Cleveland Mayor Frank Jackson Says City Must Beat Economic Inequality

Mayor Frank Jackson delivered his 2019 State of the City address at Cleveland Public Auditorium.
Mayor Frank Jackson delivered his 2019 State of the City address at Cleveland Public Auditorium. [City of Cleveland]

Cleveland must work to eliminate economic inequality, Mayor Frank Jackson said in his 2019 State of the City address Thursday night, warning against those who use talk of economic inclusion “to cloak another agenda” of self-enrichment.

Jackson, who is in his 14th year as mayor, did not elaborate as to whom he referred, but said the city must work against an inherently unequal economy that he termed “the beast.” Cleveland must use economic growth, education, neighborhood investment and technology to sustain success as a city, he said.

“If all the growth and prosperity gained by this city does not translate into your well-being,” Jackson said, “then it means nothing to me.”

The mayor delivered a litany of economic figures at the start of his speech, highlighting wealth gaps in cities across the country, including Cleveland.

“This is a recipe — a recipe — for economic, social and political disaster,” he said. “This will only get worse as time goes on under the current model of economic growth.”

Jackson denounced the Ohio Supreme Court’s recent decision striking down the city’s Fannie Lewis Law. Named for the late city councilwoman, the 2003 law required local hiring on construction projects. Jackson called the court’s decision “a prime example of institutionalized inequity and disparity.”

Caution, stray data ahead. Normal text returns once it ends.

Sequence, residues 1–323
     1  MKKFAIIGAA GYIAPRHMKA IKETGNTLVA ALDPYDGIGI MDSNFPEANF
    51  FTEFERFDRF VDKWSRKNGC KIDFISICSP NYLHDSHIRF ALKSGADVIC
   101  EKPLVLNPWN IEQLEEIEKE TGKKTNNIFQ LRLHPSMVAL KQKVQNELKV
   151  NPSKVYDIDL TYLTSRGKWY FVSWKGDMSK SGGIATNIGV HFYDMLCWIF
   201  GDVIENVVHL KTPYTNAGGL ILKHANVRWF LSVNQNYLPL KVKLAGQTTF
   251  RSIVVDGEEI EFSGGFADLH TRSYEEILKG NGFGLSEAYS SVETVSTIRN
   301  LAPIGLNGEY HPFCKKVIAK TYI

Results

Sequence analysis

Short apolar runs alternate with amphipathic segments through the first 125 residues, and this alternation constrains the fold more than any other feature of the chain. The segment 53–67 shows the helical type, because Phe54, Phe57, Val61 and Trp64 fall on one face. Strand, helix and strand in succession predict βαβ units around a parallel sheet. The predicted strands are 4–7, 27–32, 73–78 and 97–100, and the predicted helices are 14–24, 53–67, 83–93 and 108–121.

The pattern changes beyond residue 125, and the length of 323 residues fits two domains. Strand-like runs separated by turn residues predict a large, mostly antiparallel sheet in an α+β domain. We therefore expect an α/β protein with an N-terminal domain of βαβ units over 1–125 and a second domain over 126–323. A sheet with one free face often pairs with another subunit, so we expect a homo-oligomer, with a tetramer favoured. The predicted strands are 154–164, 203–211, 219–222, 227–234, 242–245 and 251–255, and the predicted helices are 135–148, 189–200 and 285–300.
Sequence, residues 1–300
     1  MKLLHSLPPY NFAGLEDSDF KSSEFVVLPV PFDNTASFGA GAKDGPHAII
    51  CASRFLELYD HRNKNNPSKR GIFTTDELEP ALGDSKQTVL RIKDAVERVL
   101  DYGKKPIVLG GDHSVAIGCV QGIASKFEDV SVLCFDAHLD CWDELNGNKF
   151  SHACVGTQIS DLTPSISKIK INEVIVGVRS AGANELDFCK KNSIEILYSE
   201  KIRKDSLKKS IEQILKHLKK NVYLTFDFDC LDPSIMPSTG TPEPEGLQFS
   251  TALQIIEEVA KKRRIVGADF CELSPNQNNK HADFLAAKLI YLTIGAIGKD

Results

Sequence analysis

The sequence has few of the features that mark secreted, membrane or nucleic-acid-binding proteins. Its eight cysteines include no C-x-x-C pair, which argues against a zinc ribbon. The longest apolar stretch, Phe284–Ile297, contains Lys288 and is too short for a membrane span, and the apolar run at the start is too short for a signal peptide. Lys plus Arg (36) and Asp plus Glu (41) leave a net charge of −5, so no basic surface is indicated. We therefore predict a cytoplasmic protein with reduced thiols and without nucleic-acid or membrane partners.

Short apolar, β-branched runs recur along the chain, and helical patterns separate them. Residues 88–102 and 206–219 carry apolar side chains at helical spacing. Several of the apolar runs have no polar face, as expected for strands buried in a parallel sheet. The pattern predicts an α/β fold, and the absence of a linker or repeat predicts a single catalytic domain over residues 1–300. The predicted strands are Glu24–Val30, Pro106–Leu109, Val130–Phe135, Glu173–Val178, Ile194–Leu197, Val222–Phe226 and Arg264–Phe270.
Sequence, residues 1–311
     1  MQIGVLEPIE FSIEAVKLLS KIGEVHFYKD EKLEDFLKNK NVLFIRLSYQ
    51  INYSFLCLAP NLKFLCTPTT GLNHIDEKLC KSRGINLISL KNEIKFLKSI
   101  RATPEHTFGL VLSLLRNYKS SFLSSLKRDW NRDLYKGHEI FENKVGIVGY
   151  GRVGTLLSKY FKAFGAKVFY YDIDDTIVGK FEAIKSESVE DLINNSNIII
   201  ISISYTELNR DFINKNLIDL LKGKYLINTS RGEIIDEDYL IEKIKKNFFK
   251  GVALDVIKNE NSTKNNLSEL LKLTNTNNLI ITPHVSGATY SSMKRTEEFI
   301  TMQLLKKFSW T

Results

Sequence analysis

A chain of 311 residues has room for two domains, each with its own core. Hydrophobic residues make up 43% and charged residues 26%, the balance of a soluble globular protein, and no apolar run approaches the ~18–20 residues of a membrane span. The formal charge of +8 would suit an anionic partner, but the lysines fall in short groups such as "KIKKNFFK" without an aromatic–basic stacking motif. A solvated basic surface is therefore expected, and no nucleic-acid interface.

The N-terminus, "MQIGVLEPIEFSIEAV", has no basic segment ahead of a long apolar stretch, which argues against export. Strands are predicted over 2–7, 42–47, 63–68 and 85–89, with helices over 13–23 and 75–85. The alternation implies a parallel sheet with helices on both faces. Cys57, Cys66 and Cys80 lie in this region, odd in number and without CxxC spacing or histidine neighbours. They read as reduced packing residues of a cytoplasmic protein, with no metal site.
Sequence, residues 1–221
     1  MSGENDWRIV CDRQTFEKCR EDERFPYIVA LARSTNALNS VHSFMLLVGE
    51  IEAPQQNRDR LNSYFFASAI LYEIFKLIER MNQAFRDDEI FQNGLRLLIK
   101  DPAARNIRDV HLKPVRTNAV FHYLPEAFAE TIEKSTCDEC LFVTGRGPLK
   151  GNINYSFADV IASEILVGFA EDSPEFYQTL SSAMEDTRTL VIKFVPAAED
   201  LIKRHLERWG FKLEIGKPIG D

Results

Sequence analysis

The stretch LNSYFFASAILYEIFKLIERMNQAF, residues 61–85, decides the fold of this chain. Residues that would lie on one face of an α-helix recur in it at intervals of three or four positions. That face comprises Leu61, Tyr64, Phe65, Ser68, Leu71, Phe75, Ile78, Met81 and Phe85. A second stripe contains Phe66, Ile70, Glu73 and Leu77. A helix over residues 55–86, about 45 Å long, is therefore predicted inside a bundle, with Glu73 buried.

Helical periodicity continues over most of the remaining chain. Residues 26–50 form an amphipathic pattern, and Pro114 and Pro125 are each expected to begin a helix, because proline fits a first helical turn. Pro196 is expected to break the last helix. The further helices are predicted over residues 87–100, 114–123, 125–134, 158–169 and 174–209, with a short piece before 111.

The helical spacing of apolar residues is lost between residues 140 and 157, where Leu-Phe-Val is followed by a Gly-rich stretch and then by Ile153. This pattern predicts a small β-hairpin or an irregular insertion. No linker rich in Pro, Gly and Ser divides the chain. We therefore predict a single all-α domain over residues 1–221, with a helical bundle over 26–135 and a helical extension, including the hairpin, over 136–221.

The mayor opened his remarks referring to issues in his family, without getting into specifics. His grandson, Frank Q. Jackson, pleaded not guilty to charges including abduction and felonious assault in an alleged attack on an 18-year-old woman. 

A city prosecutor initially declined to charge the mayor’s grandson, who was later indicted by a county grand jury. The mayor has said he did not seek to influence the investigation.

“Now let me just be clear: My family is my family,” the mayor said Thursday night. “And I do not apologize to anyone about my family. Now, I’m no different than you. I don’t live in a bubble. What affects you and your family affects me and my family. And just like you love yours, I love mine.”

Jackson’s speech went on highlight spending on roads, parks, playgrounds and recreation centers. He reminded the audience his administration committed millions of dollars toward development projects in lower-income city neighborhoods. He also rattled off Cleveland Metropolitan School District statistics, saying the city is making progress in increasing graduation rates.  

“If we want to see that kind of growth, ladies and gentlemen,” he said, “if we want to see that, then you know what? We’re going to have to put the work in.”

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